sook

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See also: söök

English[edit]

Etymology 1[edit]

English from 14thC, Scottish from 19thC. From Old English sūcan (to suck). See suck.

Verb[edit]

sook (third-person singular simple present sooks, present participle sooking, simple past and past participle sooked)

  1. Alternative spelling of suck
    • 1832, Scottish proverbs, collected and arranged by A. Henderson, p 32:
      Ae hour′s cauld will sook out seven years′ heat.
    • 1864, William Duncan Latto: Tammas Bodkin: Or, the Humours of a Scottish Tailor, p 378:
      Tibbie an' Andro bein' at that moment in the act o' whirlin' roond us were sooked into the vortex an' upset likewise, so that here were haill four o's sprawlin' i' the floor at ance.
    • 1903, John Stevenson: Pat M′Carty, Farmer, of Antrim: His Rhymes, with a Setting, p 182:
      You pursed your mooth in shape like O,
      And sook′d the air in, might and main

Etymology 2[edit]

Probably from suck. Compare sukey (attested 1838), Sucky (1844), Suke (1850); sook from 1906.

Alternative forms[edit]

Pronunciation[edit]

Noun[edit]

sook (plural sooks)

  1. (Scotland, rare) Familiar name for a calf.
  2. (US dialectal) Familiar name for a cow.
  3. (Newfoundland) A cow or sheep.
  4. (Australia, New Zealand) A poddy calf.
  5. (US, Eastern Shore of Maryland) A female Chesapeake Bay blue crab.
Synonyms[edit]
  • (poddy calf): sookie (diminutive)

Interjection[edit]

sook

  1. (Scotland) A call for calves.
    • 1919, Strickland Gillilan, A Sample Case of Humor, page 47,
      Mother actually turned her back on that sheep and began dabbling her hand in the milk, saying, “Sook, calfy, sook, calfy!” seductively while the calf gave her the evil eue and walked backward.
    • 1947, John Avery Lomax, Adventures of a Ballad Hunter, page 265,
      “You get outside the cowlot gate and start calling like this:
      Sook calf, sook calf, sook calfie,
      Sook calf, sook calf! []
  2. (US dialectal) A call for cattle.
  3. (Newfoundland) A call for cattle or sheep.
Synonyms[edit]

Etymology 3[edit]

Probably from dialectal suck. Compare 19thC British slang sock (overgrown baby), British dialect suckerel (suckling foal, unweaned child), Canadian suck (crybaby), Canadian suck (sycophant). From 1933.

Pronunciation[edit]

Noun[edit]

sook (plural sooks)

  1. (Australia, Atlantic Canada, New Zealand, slang, derogatory) A crybaby, a complainer, a whinger; a shy or timid person, a wimp; a coward.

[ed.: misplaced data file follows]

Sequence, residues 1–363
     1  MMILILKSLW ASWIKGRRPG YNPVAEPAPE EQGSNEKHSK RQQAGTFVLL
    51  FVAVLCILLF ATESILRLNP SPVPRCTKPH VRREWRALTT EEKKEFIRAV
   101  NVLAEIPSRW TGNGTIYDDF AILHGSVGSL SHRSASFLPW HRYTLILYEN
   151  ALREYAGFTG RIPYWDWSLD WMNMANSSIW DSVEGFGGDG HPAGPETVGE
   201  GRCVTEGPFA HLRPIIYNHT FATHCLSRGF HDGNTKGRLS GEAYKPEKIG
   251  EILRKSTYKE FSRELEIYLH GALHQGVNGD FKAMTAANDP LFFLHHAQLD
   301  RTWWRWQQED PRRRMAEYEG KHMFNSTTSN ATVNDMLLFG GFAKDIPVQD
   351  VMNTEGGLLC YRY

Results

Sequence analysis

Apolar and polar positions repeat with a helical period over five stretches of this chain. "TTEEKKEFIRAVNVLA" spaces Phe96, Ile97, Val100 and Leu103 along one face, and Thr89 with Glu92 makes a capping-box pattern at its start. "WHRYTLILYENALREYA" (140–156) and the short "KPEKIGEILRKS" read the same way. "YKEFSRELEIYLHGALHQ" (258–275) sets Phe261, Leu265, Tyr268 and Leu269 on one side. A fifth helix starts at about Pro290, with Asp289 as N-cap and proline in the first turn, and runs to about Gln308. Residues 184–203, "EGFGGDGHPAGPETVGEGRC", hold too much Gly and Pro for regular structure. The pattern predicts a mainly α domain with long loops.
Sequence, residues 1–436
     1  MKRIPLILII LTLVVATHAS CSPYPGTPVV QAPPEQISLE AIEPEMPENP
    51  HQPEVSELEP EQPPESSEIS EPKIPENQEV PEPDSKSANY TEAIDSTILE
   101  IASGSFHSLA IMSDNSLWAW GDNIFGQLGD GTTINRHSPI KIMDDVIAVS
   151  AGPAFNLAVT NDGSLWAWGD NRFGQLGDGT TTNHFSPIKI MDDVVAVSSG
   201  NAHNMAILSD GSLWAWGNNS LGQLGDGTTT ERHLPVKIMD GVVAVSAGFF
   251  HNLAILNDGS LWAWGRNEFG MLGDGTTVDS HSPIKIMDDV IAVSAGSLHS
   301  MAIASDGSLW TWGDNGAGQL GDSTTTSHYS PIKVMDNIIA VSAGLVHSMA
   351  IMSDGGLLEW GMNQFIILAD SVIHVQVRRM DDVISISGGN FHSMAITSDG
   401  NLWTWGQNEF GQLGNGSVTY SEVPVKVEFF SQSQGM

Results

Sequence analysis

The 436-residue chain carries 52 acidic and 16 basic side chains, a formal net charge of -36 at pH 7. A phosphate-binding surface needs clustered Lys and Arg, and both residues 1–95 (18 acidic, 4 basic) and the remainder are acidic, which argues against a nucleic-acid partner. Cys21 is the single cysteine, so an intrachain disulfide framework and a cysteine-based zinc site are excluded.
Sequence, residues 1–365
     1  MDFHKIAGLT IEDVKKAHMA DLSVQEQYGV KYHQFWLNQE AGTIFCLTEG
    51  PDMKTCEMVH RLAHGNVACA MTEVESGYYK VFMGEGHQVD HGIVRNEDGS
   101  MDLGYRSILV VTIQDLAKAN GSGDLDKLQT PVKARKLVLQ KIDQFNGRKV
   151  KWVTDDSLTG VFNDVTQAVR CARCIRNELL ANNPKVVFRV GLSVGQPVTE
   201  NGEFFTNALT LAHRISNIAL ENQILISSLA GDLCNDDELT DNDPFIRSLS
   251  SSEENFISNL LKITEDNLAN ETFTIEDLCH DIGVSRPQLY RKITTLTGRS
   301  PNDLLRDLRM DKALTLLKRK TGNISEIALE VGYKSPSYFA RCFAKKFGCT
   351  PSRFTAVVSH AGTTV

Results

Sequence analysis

Don′t be such a sook.
    • 2006, Randa Abdel-Fattah, Ten Things I Hate About Me, unnumbered page,
      You must think I′m a sook, hey? Here I am complaining about my dad′s job and my curfew and your dad cheated on your mum. You put things into perspective for me.
    • 2007, Jan Teagle Kapetas, Lubra Lips, Lubra Lips: Reflections on my Face, Maureen Perkins (editor), Visibly Different: Face, Place and Race in Australia, page 31,
      ‘What a sook! Look at her cry!’
      ‘Yeah, look at the Abo cry!’
    • 2008, Kieran Kelly, Aspiring: Mountain climbing is no cure for middle age, Pan MacMillan Australia, page 233,
      Only sooks ask guides how far there is to go.
  2. (Australia, Atlantic Canada, New Zealand, slang) A sulk or complaint; an act of sulking.
    I was so upset that I went home and had a sook about it.
    • 2002, June Duncan Owen, Mixed Matches: Interracial Marriage in Australia, University of New South Wales Press, page 87,
      ‘Have a sook! Have a sook!’, they′d all yell. But that time I didn′t go outside to cry.
Translations[edit]
Related terms[edit]
Synonyms[edit]
Derived terms[edit]

Etymology 4[edit]

From Arabic سُوق (sūq). From 1926. See souq.

Pronunciation[edit]

Noun[edit]

sook (plural sooks)

  1. Alternative spelling of souq (Arab market).
    • 1964, Qantas Airways, Qantas Airways Australia, Volumes 30-31, page 11,
      Against these riches you may buy a cup of the bitter, herbed black final coffee from a street vendor for ten piasters — about 1½d. — and step through an arch into the next sook devoted to cheap shoes and vegetables and as full of the turbaned poor as an Arabian Nights reality.

Etymology 5[edit]

Origin unknown. From Chesapeake Bay, attested as early as 1948.

Pronunciation[edit]

Noun[edit]

sook (plural sooks)

  1. The mature female blue crab, Callinectes sapidus.
    • 1948, John Cleary Pearson, Fluctuations in the Abundance of the Blue Crab in Chesapeake Bay, U.S. Fish and Wildlife Service, page 4:
      "The life cycle of the crab in the bay causes a preponderance of adult males (jimmy crabs) to occur in the waters of the upper bay while conversely a concentration of adult females (sook crabs) occurs in the more saline waters near the mouth of the bay (table 2)."